Post-Brexit London Pushing 'Win-Win' UK-Italy Trade Narrative
Britain is determined not to allow Brexit get in the way of its trade partnerships with European Union member states.
In her first international summit since taking the role, UK International Trade Secretary Anne-Marie Trevelyan has suggested during her trip to Italy that the two countries are eyeing a New Export & Investment dialogue.
What it is meant to achieve is boost exports for both British and Italian companies in sectors such as life sciences, defence and security, as well as growth sectors of the future such as digital and tech.
“Enhancing our bilateral relationship with Italy is a win-win, which will boost export opportunities and investment promotion for our businesses. Italy is our ninth-largest trading partner, while the UK is Italy’s fifth-largest export market - I am delighted we are kicking off this discussion,” Trevelyan said.
Britain has been openly seeking to fortify its trade partnerships outside of the EU since it left the bloc end of 31 January 2020. The UK has also been moving towards securing trade deals and building anew paired with EU members as well.
With trade between Italy and the UK being worth more than £34 billion in 2020, London is keen to keep the trade flow with Rome smooth, even after its breakup from the EU.
Trevelyan spoke alongside Italian Minister of Foreign Affairs and International Cooperation Luigi Di Maio in Sorrento, when she said that the trade dialogue between the two nations will also promote inward investment, including in low-carbon industries such as onshore and offshore wind, hydrogen, and carbon capture storage.
She also mentioned the food and drink industry and tech sector, where the UK’s research and development strengths can help support Italian scale-ups.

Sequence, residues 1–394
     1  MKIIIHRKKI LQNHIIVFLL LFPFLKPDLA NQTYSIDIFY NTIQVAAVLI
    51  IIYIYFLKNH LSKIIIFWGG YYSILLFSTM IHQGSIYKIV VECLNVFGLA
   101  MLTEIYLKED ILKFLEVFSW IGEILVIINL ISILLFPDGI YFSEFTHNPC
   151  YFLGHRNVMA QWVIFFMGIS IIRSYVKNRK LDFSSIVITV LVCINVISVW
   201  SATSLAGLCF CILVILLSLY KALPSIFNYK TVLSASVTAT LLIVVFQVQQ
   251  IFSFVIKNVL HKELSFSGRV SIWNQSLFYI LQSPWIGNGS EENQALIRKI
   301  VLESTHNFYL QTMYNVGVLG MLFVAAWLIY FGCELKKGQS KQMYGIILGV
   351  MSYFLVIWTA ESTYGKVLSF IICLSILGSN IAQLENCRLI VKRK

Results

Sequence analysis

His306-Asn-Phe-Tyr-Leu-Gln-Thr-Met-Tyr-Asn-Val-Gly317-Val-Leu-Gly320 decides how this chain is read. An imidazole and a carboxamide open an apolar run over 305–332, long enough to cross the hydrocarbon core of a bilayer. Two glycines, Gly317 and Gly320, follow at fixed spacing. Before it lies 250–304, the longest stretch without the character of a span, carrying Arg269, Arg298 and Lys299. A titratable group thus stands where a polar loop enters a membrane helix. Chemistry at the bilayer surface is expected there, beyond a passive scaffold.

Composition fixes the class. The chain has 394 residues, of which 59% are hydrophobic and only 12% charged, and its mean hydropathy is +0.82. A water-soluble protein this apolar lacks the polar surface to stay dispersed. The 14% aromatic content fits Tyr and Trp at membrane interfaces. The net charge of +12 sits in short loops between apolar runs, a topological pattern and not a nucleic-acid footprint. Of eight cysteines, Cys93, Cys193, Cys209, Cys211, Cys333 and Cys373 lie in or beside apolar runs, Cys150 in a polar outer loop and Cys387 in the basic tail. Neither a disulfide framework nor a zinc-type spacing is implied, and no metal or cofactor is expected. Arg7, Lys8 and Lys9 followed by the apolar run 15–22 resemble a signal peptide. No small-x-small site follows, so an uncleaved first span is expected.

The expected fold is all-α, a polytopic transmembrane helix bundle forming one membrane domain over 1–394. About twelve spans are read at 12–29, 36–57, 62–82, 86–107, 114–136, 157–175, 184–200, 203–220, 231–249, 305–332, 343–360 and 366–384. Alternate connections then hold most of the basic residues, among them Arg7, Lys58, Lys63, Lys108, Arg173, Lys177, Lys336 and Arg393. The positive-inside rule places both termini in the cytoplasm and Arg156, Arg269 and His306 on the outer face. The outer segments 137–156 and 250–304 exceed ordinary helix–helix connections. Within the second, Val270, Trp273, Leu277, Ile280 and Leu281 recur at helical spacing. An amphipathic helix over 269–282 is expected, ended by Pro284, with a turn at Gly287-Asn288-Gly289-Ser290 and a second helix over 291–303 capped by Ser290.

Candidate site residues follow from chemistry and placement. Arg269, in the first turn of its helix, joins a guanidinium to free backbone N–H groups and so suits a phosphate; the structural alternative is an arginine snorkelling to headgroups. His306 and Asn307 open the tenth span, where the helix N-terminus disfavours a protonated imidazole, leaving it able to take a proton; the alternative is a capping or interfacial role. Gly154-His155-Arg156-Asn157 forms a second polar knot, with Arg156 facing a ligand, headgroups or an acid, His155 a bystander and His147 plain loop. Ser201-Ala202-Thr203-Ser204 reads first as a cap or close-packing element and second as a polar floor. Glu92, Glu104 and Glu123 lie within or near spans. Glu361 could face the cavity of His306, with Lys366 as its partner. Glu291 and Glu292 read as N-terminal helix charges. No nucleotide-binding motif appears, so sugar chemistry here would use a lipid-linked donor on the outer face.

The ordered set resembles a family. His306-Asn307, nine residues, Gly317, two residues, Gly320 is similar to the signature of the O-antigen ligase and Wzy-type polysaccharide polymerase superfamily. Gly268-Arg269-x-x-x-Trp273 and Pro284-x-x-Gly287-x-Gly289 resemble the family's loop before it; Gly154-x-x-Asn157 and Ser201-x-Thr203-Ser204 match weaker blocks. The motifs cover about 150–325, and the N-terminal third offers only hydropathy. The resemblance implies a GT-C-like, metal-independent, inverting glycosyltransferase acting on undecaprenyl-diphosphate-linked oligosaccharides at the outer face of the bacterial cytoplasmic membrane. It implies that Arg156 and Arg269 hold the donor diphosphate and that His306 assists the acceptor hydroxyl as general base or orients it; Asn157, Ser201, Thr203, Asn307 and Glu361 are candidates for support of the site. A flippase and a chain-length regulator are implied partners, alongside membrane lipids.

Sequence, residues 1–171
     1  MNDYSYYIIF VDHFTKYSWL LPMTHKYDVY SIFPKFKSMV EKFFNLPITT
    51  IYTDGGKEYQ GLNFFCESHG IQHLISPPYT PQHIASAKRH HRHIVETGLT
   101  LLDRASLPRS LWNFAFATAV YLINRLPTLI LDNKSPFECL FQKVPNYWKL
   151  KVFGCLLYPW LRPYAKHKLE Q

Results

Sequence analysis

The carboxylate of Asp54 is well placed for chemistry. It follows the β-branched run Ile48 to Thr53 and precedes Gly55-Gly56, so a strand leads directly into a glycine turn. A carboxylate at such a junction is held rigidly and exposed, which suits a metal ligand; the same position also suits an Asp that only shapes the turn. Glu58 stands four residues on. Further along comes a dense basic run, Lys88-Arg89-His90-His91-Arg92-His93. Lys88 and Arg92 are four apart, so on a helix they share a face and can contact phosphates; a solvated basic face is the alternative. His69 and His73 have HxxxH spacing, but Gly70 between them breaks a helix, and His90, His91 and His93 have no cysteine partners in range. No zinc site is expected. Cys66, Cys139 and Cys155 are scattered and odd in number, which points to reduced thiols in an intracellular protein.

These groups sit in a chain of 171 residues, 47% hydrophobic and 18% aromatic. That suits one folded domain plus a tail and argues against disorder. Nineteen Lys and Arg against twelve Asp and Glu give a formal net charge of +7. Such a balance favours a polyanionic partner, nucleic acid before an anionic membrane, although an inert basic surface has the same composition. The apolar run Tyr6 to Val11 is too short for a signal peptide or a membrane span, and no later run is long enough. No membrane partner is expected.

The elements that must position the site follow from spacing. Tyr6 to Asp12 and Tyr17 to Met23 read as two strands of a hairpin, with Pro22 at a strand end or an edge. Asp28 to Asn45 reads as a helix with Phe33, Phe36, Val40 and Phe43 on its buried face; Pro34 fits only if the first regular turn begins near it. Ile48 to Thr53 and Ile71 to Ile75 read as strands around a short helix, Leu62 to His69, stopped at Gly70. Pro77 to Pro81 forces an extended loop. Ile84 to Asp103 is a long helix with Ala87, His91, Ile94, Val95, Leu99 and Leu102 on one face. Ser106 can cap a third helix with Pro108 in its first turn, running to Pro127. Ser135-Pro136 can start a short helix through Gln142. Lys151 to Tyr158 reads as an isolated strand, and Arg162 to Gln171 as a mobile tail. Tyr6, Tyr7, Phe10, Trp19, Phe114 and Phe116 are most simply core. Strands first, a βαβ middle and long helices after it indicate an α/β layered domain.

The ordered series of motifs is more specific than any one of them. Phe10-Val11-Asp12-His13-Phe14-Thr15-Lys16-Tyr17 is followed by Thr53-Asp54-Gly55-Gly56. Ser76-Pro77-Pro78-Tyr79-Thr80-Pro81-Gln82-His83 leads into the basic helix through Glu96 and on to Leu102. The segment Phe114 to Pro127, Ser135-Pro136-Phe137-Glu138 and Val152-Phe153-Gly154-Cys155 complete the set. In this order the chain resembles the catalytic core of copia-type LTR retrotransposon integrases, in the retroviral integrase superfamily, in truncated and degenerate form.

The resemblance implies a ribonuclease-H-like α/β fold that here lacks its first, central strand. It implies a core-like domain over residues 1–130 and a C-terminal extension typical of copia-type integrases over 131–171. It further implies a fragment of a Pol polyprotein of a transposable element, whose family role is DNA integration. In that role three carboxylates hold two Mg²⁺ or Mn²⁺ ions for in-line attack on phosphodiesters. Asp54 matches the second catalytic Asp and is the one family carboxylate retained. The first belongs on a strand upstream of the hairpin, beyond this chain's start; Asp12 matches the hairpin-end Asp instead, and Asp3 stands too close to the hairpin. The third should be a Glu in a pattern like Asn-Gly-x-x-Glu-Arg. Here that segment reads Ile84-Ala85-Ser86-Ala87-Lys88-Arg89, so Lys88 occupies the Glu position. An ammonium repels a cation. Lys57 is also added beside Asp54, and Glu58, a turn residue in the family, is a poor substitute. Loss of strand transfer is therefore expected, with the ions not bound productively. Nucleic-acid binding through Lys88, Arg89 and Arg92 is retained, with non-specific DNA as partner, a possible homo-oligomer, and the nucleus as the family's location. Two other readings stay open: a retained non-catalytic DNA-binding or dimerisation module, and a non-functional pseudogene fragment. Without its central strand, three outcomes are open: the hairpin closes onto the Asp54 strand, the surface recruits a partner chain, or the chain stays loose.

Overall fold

There are also plans for a greater collaboration and sharing of best practice between the two countries’ export credit organisations – UK Export Finance and the Italian Export Credit Agency.
Italy’s outlook is to build the economy back after the pandemic and strengthen the “multilateral trading system with the WTO at its centre”.
Last year, Britain’s exports to Italy included cars worth £829 million– equivalent to 10% of all UK goods exported to the EU nation. Britain also exported £383 million worth of medicinal and pharmaceutical products to Italy.
In turn, the UK imported last year £1.2 billion worth of Italian clothing, £860 million worth of beverages and over £641 million worth of fruit and vegetables.
Britain's relations with the European Union have been strained in the recent year due to disagreements
over the implementation of the Northern Ireland Protocol - part of the EU-UK divorce treaty, governing the customs and immigration issues at the border in the island of Ireland between the United Kingdom of Great Britain and Northern Ireland.